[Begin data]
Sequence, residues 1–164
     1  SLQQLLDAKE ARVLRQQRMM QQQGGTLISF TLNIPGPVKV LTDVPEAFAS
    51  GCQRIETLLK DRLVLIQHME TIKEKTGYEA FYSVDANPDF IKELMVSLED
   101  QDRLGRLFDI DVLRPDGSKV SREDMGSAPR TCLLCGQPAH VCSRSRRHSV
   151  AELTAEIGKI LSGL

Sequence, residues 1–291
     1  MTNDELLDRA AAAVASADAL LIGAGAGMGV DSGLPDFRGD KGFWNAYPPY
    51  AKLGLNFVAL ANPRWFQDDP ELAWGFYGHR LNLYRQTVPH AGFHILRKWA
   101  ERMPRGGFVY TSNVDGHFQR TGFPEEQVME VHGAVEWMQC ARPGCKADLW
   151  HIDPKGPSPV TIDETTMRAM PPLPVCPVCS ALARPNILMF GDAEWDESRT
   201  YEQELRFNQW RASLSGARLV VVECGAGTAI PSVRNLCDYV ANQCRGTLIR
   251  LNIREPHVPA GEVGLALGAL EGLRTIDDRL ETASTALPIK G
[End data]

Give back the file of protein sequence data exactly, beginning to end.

Sequence, residues 1–164
     1  SLQQLLDAKE ARVLRQQRMM QQQGGTLISF TLNIPGPVKV LTDVPEAFAS
    51  GCQRIETLLK DRLVLIQHME TIKEKTGYEA FYSVDANPDF IKELMVSLED
   101  QDRLGRLFDI DVLRPDGSKV SREDMGSAPR TCLLCGQPAH VCSRSRRHSV
   151  AELTAEIGKI LSGL

Sequence, residues 1–291
     1  MTNDELLDRA AAAVASADAL LIGAGAGMGV DSGLPDFRGD KGFWNAYPPY
    51  AKLGLNFVAL ANPRWFQDDP ELAWGFYGHR LNLYRQTVPH AGFHILRKWA
   101  ERMPRGGFVY TSNVDGHFQR TGFPEEQVME VHGAVEWMQC ARPGCKADLW
   151  HIDPKGPSPV TIDETTMRAM PPLPVCPVCS ALARPNILMF GDAEWDESRT
   201  YEQELRFNQW RASLSGARLV VVECGAGTAI PSVRNLCDYV ANQCRGTLIR
   251  LNIREPHVPA GEVGLALGAL EGLRTIDDRL ETASTALPIK G